Life with MS

Anger as Ally: Experiences in Caregiving

By Jane Carrington
My life as a caregiver is often fraught with anger, and it is a daily struggle to avoid taking that anger out on my loved one. I think we all experience some degree of anger about the fact that illness is a big inconvenience in our life. I mean, I wanted to travel, not change bedpans. I wanted to have children, not sit in hospital waiting rooms. I wanted to enjoy my free time, not complain about not having any. Anger goes with the territory. Still, I find anger to be a distasteful feeling. So, I expend a lot of energy pretending I am not angry and even more energy trying not to burden my loved one with my negative emotions.
Then one day, someone asked me, “What if anger was your greatest gift? What if anger was your ally?”
These two questions changed my perspective. Gradually, I learned to observe my anger. I began to keep a list of everything I was angry about, especially the things that didn’t make any sense. Then, I began to notice patterns to my anger. As I wrote, I became aware that the help my husband asked for on Monday produced compassion in me. But the same help he asked for on Thursday enraged me. I realized that my anger was not about him or his asking for my help. My anger was a warning – a red flag – that I was doing too much. I was either doing things for my husband that he could do for himself or I was simply taking on too many responsibilities. I also became aware that I was too involved. I was enmeshed in his illness as if it were my own. My responses were exhausting me.
I discovered that anger is often an illusion, a disguise for something else that’s brewing underneath. Anger almost always covers fear. I remember one night in particular. I was bringing my husband home following a hospital stay. We picked up some take-out food on our way home. For the first time in several weeks, we were going to enjoy a hot, delicious meal that didn’t come from a hospital cafeteria. Once home, we sat down at the table and opened our take-out. Excitedly, I dug into the plate of food before me.
Just before my fork reached my mouth, my husband exclaimed, “There are plants in the house! You’ve got to get them out of here! Now!”
Chemotherapy treatments had severely compromised his immune system and the doctors advised him to avoid live plants, raw fruits and vegetables, large crowds, and children. I was furious that my highly anticipated hot, tasty meal was being interrupted, furious that by the time I removed all the plants my meal would be cold, and furious that just when I thought I could relax a moment, I still had to be on alert. I spewed unpleasant and unkind words as I moved every houseplant to the back porch. As I calmed down and we began to talk, I realized what was fueling the anger. I was terrified that the air I breathed every second of the day and the environment I was accustomed to was suddenly life-threatening. I was terrified that my husband was at that level of fragility. I was afraid my husband might die because I breathed on him! Once I identified and addressed the fear, the anger dissipated. Armed with these insights, I am better equipped to deal with anger when it arises.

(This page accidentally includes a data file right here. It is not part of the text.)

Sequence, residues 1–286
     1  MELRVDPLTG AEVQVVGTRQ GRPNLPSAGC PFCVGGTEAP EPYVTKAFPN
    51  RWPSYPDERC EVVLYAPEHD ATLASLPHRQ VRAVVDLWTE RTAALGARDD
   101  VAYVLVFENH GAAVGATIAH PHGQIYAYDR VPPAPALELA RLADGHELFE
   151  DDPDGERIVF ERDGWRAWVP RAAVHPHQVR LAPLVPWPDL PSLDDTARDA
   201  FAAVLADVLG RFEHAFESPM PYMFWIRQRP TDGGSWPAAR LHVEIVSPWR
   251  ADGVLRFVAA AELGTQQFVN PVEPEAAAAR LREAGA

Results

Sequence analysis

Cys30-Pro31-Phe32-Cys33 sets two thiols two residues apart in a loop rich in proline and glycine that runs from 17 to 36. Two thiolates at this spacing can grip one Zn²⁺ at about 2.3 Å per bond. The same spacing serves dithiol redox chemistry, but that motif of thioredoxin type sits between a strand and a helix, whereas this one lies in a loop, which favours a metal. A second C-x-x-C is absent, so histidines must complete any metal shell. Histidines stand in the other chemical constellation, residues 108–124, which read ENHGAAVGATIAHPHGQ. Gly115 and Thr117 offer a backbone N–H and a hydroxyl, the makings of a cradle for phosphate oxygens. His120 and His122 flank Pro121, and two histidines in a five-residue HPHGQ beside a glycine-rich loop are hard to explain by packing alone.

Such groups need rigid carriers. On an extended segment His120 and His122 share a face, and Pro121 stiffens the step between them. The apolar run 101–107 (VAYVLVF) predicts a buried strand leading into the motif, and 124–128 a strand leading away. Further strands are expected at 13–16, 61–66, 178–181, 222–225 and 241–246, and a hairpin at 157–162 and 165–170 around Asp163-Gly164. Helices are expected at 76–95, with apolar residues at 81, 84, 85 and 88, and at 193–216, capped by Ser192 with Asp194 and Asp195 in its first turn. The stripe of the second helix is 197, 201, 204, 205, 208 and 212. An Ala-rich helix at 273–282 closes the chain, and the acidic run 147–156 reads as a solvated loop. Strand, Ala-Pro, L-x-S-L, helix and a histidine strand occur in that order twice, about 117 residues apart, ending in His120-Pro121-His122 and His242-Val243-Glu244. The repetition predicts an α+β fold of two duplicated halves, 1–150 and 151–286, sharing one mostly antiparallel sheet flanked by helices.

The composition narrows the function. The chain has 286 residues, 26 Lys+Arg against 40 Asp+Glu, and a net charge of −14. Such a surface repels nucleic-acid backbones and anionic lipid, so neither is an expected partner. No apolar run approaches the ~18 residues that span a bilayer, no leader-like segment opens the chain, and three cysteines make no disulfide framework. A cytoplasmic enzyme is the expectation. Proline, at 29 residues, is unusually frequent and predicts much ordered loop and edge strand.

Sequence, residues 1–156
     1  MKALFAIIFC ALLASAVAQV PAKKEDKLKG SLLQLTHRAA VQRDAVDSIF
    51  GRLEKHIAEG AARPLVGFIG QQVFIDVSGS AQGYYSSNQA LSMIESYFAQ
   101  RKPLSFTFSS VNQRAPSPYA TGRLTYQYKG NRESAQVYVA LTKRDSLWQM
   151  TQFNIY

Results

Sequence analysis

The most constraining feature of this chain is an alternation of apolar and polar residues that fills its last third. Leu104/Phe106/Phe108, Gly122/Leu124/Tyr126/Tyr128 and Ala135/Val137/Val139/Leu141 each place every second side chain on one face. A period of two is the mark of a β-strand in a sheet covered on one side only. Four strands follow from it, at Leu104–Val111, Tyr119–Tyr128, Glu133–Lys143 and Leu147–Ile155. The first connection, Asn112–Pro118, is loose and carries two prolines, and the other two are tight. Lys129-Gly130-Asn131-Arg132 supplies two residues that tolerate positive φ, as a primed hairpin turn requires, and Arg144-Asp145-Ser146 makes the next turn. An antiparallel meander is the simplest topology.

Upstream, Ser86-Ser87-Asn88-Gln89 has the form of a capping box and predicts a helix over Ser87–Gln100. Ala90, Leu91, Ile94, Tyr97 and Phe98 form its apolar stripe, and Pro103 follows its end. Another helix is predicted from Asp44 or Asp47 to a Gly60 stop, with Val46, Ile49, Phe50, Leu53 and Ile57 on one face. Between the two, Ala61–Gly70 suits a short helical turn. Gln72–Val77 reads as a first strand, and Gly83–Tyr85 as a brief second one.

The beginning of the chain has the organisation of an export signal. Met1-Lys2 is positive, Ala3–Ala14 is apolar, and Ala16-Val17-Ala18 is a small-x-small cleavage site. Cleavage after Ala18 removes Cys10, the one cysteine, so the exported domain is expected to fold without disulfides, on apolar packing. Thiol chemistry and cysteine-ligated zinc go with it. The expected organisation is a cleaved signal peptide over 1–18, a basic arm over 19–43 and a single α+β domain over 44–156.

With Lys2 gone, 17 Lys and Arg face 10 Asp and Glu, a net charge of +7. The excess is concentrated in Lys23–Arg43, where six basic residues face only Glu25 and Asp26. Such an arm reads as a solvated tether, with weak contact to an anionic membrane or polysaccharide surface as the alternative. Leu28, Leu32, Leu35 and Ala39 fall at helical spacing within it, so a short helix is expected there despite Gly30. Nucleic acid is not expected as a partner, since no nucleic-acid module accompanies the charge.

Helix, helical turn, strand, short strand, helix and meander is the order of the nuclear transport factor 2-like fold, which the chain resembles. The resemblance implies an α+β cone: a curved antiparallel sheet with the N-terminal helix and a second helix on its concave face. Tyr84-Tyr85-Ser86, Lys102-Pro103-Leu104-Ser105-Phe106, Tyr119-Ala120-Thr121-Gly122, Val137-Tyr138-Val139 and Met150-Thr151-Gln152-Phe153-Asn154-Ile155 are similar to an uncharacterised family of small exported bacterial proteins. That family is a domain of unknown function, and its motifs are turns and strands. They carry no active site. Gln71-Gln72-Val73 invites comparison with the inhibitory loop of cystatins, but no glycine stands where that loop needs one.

If you can begin to perceive anger as your ally and work with it, instead of against it, you will start to see positive changes in your physical and emotional health and in your relationships. Indeed, anger is a gift – but you must observe it and embrace it before you can reap its rewards.
Anger Management Strategies
  • Remove yourself from the situation until you can calm down and reflect.
  • Count to 10 – or even 20 – to avoid saying or doing things you will regret.
  • Do something physical. Get out and take a walk. A change of scenery tends to change your perspective, and the physical exertion redirects the stress created by the anger.
  • When overwhelmed, find ways to let go of any unnecessary responsibilities. Prioritize, and/or ask for help.
  • Start a list of things that make you angry, especially those that make no sense. What are the fears that lie beneath?
  • If you are reacting to your loved ones illness as if it were your own, take a step back and find respite.
Jana Carrington obtained her B.S. in psychology in an attempt to understand her mother's death and the effect that it had on her family. She was a caregiver to her husband through three diagnoses of cancer, four rounds of chemotherapy, and a bone marrow transplant. Six months post-transplant, she was diagnosed with breast cancer, joining the ranks of thousands of caregivers diagnosed with a serious illness. To help other caregivers care for themselves, she published A Touch of Hope: A Caregivers Survival Guide. The book is also available through the MSF Lending Library. Call 888-MSFOCUS (673-6287).